Scribal Corrections in Codex Sinaiticus

Scribal Corrections in Codex Sinaiticus June 2, 2014

Here is an interesting analysis of a recent article by Peter Malik, courtesy of my friend Larry Hurtado…. BW3

Earliest Corrections in Codex Sinaiticus
by larryhurtado

The latest issue of The Bulletin of the American Society of Payrologists includes a valuable study (by Peter Malik) of the earliest corrections in Codex Sinaiticus, as evidenced in the Gospel of Mark: Peter Malik, “The Earliest Corrections in Codex Sinaiticus: A Test Case From the Gospel of Mark,” Bulletin of the American Society of Papyrologists 50 (2013): 207-54.

Malik identifies two key scribes in the text of Mark in Sinaiticus, whom he labels “Scribe A” and “Scribe D,” and gives detailed analysis of the nature of their respective corrections in the text.

So, for example, Malik identifies corrections made “in scribendo” (i.e., made in the process of copying the text), and those made subsequently. Those corrections ascribed to Scribe A and made “in scribendo” tend heavily to correct “nonsensical” readings accidentally made by the scribe. “Scribe A’s tendency to create nonsensical readings has been well documented, and it seems that precisely these readings also caught his attention during the copying process to a greater extent than other errors” (p. 249).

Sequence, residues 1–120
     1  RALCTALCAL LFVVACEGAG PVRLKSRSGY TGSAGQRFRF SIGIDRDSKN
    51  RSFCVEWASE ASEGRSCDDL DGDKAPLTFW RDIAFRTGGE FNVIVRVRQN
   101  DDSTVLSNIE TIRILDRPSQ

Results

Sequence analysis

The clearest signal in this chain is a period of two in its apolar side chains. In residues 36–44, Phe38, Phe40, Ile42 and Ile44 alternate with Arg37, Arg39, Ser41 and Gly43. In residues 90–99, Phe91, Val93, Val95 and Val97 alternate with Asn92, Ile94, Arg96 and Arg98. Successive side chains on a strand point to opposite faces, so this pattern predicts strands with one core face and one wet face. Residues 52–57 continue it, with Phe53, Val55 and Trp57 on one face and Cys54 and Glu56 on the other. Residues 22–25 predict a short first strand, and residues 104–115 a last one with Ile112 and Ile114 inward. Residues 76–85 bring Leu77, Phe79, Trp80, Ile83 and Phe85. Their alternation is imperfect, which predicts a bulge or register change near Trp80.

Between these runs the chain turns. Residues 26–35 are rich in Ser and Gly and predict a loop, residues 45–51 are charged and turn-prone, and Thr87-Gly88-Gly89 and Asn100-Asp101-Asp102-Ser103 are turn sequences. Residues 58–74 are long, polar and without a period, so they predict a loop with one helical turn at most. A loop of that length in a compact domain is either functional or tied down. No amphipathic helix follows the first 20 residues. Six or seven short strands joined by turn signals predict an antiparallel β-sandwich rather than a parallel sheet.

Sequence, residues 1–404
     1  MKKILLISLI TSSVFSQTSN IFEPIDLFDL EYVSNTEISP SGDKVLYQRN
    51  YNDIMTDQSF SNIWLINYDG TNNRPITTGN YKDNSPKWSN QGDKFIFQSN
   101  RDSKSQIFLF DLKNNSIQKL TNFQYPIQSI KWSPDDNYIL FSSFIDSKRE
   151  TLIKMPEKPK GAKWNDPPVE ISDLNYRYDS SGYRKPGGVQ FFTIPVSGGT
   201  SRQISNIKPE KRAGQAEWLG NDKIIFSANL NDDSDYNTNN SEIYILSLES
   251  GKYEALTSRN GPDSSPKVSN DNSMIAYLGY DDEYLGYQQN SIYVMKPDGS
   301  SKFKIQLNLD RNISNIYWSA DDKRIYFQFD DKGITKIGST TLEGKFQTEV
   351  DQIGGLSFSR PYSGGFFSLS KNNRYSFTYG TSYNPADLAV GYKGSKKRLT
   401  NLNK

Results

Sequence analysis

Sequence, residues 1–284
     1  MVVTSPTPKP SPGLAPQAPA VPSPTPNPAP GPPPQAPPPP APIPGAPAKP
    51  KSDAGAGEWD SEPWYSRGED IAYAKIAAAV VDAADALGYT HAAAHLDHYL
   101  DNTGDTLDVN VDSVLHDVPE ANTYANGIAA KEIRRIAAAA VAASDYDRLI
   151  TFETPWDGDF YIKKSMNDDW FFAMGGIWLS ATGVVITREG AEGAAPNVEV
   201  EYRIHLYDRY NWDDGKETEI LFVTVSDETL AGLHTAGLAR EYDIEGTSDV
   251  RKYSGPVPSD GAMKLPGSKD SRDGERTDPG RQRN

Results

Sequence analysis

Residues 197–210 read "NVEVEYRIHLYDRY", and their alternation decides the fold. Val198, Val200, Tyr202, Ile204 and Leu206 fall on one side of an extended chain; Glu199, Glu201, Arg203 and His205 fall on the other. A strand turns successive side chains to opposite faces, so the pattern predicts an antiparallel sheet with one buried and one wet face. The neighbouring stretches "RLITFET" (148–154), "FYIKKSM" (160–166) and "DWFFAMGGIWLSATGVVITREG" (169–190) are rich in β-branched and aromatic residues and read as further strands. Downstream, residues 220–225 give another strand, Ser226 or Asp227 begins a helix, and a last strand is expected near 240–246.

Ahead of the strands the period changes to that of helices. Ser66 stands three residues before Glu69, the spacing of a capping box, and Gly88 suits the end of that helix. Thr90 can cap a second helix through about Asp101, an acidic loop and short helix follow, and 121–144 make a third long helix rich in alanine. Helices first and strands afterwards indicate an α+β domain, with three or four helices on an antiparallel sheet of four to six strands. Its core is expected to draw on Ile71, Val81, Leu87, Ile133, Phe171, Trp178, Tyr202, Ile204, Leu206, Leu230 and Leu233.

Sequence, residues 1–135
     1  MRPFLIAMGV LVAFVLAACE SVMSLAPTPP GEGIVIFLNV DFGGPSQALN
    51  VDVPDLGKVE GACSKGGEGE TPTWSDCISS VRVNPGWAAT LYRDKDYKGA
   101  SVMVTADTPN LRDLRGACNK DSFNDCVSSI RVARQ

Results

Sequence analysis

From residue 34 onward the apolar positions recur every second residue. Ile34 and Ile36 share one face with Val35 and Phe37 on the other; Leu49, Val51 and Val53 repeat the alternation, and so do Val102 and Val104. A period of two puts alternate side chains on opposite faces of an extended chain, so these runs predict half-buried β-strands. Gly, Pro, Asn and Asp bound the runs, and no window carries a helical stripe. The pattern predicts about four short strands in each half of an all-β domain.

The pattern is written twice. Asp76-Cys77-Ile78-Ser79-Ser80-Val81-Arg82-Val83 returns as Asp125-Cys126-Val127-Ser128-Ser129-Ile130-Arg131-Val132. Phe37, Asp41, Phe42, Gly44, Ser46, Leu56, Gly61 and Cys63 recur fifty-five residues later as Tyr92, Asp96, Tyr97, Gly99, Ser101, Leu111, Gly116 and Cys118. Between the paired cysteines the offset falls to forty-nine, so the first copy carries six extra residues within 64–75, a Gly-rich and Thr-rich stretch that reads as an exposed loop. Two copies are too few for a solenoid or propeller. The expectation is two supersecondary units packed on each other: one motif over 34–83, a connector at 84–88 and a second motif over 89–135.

Malik also shows that the correcting process was far from thorough. Instead, even in corrections made after the Markan text was copied, “the overall impression is that of a rather hasty, almost cursory proofing of the text with an exemplar” (p. 251).

Interestingly, he detects only five corrections made toward an manuscript other than the one copied, all of these corrections from Scribe D. He can find no clear pattern of textual affinity in the corrections (p. 252).

In his conclusion he states, “Regading the earliest corrections in Sinaiticus, we must conclude that they reflect a genuine attempt of scribes to free their work from error. Just as in copying, however, their quality was not always adequate to carry out this intention fully, and most errors were left uncorrected [although the errors in question are all rather small things, such as accidental omission of one or two words]. Moreover, we have detected no signs of theologically motivated revision in Mark of Sinaiticus. . . . Thus, at least in this respect the scribes of Sinaiticus may be viewed as discipline, though imprecise.” (p. 254).

Malik’s study seems precise, his conclusions carefully based and sound. And the article is a model, especially perhaps for other emergent scholars

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